Secondly, some people may have specific reasons to not want extra B-vitamins. For example, there is some evidence that excess vitamin B6 and B12 can cause acne. These are both present in high amounts in fortified nutritional yeast.
Side note: If you really want the scoop on acne and nutrition, though, you really need to read my full blog post on how I cleared up my acne. It took me years of studying and experimenting on myself to learn what I share in that post!
Anyway, back to nutritional yeast. There are a growing number of brands to consider when it comes to non-fortified nutritional yeast. Here are Amazon links to a few:
Nutritional yeast can be pretty expensive. As you can see from the picture, it’s currently $12.99 per pound in the bulk bins at my grocery store. And if you buy pre-packaged nooch in the store, it could cost up to $27 per pound.
The cheapest common brand of nutritional yeast, from what I’ve seen is Red Star. It’s a long-standing brand that I’ve had many times—it’s good.
If you’re buying nutritional yeast in bulk online, then you will often see the cheapest options are stocked with Red Star.
The cheapest online bulk nutritional yeast I found after spending my morning searching was Country Life Natural Foods. They sell one pound of nooch starting at $8.95, but their prices get all the way down to $5.60 per pound (if you’re buying 50 pounds at a time!).
If you want more details on the price comparisons, I actually made a whole separate post about “How to Get the Cheapest Nutritional Yeast” because this section was getting too long!
The 3 Best Nutritional Yeast Brands (In My Opinion)
So, when considering all these various factors, what are my top nooch picks?
1. Red Star
Red Star is one of the classic, well-known nutritional yeast brands. There are at least 5 reasons this is probably my favorite nooch brand:
- Cost. In the store, Red Star shakers are cheaper than Bragg shakers. And if you’re buying bulk, Red Star is often the cheapest brand, too.
- Reputation. Red Star has a long-standing reputation for nutritional yeast. They’re a trusted name!
- Bulk availability. It makes financial sense to buy your nutritional yeast in bulk if you eat it regularly (which I do). And Red Star is the king of bulk.
- Shaker availability. Sometimes when traveling, you can’t find a good store with bulk bins—but you may still find a couple of shakers of nooch, including Red Star.
- No detectable lead levels. Dr. Greger’s research showed that Red Star contained no detectable lead, so you don’t have to worry about any negative health effects.
Revly is a brand owned by Amazon, so again, it comes from a reputable company. Here are the two reasons why Revly is an intriguing choice to me:
- Non-fortified. There are pros and cons to getting fortified vs non-fortified nooch. But if you want non-fortified, this is one of the most affordable brands.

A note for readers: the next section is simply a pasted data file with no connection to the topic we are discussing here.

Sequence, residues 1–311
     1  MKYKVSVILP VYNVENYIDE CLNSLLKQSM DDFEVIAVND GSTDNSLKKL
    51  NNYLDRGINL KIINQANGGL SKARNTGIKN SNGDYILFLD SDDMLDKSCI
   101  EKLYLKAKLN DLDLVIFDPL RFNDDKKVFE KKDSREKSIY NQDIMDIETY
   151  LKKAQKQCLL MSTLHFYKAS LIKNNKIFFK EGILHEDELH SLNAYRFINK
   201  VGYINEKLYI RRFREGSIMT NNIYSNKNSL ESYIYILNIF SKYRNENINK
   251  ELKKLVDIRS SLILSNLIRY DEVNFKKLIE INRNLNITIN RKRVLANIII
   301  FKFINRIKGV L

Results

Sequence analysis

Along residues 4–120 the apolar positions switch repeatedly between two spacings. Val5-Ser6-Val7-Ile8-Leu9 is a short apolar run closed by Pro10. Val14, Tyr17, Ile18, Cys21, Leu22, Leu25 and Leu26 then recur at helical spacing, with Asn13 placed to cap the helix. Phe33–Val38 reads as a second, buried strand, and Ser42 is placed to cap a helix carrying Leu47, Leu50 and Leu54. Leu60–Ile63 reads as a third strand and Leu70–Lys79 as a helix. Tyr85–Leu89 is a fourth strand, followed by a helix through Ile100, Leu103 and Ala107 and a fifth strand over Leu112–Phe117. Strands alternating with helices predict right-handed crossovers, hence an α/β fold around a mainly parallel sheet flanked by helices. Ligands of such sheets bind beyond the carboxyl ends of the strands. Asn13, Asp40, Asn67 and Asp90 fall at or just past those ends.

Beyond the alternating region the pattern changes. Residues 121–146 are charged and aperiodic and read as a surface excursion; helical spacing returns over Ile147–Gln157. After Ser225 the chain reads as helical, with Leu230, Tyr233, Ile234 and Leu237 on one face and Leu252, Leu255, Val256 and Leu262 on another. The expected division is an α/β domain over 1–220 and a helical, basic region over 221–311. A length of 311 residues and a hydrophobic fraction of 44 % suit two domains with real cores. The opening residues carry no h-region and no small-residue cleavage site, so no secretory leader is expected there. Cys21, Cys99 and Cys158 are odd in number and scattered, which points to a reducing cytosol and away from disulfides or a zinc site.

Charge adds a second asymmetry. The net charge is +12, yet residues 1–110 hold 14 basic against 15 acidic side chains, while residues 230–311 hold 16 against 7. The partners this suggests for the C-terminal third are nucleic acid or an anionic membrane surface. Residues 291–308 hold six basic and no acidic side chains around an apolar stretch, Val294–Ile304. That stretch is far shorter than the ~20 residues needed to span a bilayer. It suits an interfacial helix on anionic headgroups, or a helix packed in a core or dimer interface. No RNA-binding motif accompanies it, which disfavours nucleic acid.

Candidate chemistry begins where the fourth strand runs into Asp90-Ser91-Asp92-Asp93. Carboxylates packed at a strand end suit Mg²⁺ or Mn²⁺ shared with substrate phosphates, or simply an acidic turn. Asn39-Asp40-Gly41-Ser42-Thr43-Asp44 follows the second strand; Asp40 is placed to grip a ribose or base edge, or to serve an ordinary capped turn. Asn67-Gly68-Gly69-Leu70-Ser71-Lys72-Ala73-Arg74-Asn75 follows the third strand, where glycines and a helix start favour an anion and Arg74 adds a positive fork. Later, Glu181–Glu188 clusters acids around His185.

- Affordable. One of the cheapest pre-packaged nutritional yeast products I have found. The only way to get cheaper is with bulk buying.
Here’s the Amazon page to buy Revly nutritional yeast.
Bragg is another great choice, which I’ve gotten many, many times. Here are a few of the reasons you might choose it:
- Reputation. Bragg is one of the most recognizable leaders in the nutritional yeast space, with thousands (!) of positive reviews on marketplaces like Amazon. They also make other great health products they’re known for, like their Liquid Aminos.
- No detectable lead levels. Dr. Greger’s research showed that Bragg contained no detectable lead, so you don’t have to worry about any negative health effects.
- In-store shaker availability. From what I’ve observed in the U.S., Bragg is the most commonly available brand of nutritional yeast in stores.
Here you can buy a 2-pack of Bragg nutritional yeast on Amazon.
Two More Recommendations for Your Vegan Journey
1. This is the best vegan multivitamin I’ve found in 13 years of being vegan. It has vitamin B12, vitamin D, omega-3—and nothing else. Translation: It only has the nutrients vegans are actually low in. Read my full review of Future Kind’s multivitamin here (with 10% discount).
2. This is the best vegan starter kit I know of. It’s a bundle of 9 beautiful e-books that help you transition to a healthy plant-based diet the right way. The advice is spot-on, and it has print-outs and checklists that make it easy to implement. Read my full review of Nutriciously here.
If you found this post helpful and don’t want to forget these tips, save the Pin below to your Pinterest “Nutritional Yeast” or “Plant-based Diet” boards!